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Gilbert and Sullivan Players' Patience is worth the wait



(or, Bunthorne's Bride.)

The MIT Gilbert and Sullivan Players.

Directed by Marion Leeds Carrol.

MIT Room 54-100.

Continues through April 16.

(See listing in On The Town.)


AH, MISERIE! BUT WHOM IS THE ingenuous milkmaid Patience to choose? The fleshly poet Reginald Bunthorne, or the idyllic Archibald Grosvenor, also a poet? "Neither!" say the Dragoon Guards, for (pardon the egregious misquote) "Things are seldom what they seem" in this love triangle.

Admittedly, the choice is a difficult one -- Robert De Vivo plays the rarest aesthetic poet of all -- one of that already rare breed of metaphor-dropping Lily-Lovers so disliked during the waning of the last century. For posing, wit, charm, and the not-so-occasional mou'e, Bunthorne clearly excels, and as a dancer, he seems much less likely to trample the bride's feet at the wedding reception. But Grosvenor (Paul Matthews G), possessed of a fine speaking voice, has much longer locks -- without which no poet can succeed.

Gilbert and Sullivan's 1881 comic operetta opens with a sort of Oscar Wildean nightmare -- (somewhat less than) twenty lovesick maidens glide onto an Ionian stage, draped in neo-classical gowns of lilac and chartreuse. Competing for the love of the aesthetic poet Bunthorne, they have transformed themselves into the very image of pre-Raphaelite beauty -- and convincingly, too. Melody Scheiner (whom we've seen out-spinster all other Katishas in last year's MTG production of The Mikado) plays the most melodramatic maiden of all, albeit one of fading charms and growing girth.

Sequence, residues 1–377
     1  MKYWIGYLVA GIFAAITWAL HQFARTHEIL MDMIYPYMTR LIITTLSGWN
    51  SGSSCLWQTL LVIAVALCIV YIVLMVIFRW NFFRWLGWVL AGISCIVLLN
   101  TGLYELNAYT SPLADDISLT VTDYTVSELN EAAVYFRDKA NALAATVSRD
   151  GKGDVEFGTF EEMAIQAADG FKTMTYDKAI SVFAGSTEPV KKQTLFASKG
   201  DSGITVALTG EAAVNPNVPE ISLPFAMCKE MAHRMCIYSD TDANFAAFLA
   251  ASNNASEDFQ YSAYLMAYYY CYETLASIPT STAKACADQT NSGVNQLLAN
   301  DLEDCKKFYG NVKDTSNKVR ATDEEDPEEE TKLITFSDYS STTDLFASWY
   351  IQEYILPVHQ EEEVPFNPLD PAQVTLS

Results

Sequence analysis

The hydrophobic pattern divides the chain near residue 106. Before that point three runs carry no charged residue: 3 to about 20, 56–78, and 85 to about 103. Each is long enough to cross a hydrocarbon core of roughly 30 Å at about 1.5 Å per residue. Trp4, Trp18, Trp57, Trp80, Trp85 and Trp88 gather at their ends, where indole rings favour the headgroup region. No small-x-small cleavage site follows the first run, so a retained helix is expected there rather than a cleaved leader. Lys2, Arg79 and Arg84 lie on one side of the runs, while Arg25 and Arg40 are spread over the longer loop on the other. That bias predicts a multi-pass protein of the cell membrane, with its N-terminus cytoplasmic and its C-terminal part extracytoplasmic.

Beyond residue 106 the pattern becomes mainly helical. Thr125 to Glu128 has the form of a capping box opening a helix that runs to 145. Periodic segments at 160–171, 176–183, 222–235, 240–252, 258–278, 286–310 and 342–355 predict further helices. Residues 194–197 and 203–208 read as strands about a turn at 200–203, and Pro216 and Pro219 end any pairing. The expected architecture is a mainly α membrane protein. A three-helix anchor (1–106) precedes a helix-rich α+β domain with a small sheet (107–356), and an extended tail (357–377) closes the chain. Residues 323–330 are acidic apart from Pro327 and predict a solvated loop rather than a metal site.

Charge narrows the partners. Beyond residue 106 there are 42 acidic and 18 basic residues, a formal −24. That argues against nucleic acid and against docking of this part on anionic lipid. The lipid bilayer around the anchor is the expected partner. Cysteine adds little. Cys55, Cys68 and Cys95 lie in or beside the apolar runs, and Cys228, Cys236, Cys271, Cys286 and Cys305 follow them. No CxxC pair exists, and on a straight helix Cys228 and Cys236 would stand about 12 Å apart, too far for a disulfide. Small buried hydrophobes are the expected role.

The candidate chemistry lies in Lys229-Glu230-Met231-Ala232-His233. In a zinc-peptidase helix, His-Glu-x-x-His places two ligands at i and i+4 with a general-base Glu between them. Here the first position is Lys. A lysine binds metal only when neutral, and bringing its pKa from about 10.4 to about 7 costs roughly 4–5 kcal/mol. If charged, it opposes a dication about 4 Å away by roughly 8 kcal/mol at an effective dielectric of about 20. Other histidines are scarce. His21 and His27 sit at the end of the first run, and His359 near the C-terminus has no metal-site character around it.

It's a shame that our Colonel Calverley (David F. Harrison) didn't deliver on "If you want a receipt" -- a very funny song in its heyday -- but I couldn't hear whether the highly obscure lyrics had been changed or not. His backup, the men's chorus of Dragoons, made several grand entrances and always wore animated expressions. I've never seen a more languid and love-sick chorus of women than the disciples of aestheticism who long for Bunthorne's love. (Antithetical to Patience's chorus of weak women are the male-foresworn scholars of Castle Adamant, presently appearing in the Harvard Gilbert and Sullivan Society's production of Princess Ida at Agassiz Theatre.)

Lisa Kummerow's agile voice lent great musicality to Patience's sung lines, and her spoken delivery was precise, but when combined the results were so operatic that I couldn't hear all of Gilbert's words. Her gay manner and continual grins remained uplifting, though.

Poseur extraordinaire De Vivo's prancing and declaiming of feigned-artistic foolishness proves the show's principal attraction -- his moments of recitative are worth seeing twice. Clad in an affected costume of velvet dinner jacket and breeches, with a decidedly Whistlerian lock of grey hair, Bunthorne's appearance is but one example of the production staff's success, and quite a ways from MITGSP's humble beginnings. Genuine theatrical illumination (with nostalgic cove-lights) and a set that does the seeming impossible -- who would have thought that the infant organization could so successfully stage an operetta within a lecture hall? There's a creditable orchestra to boot. Memorize the words to "God Save the Queen" before you come.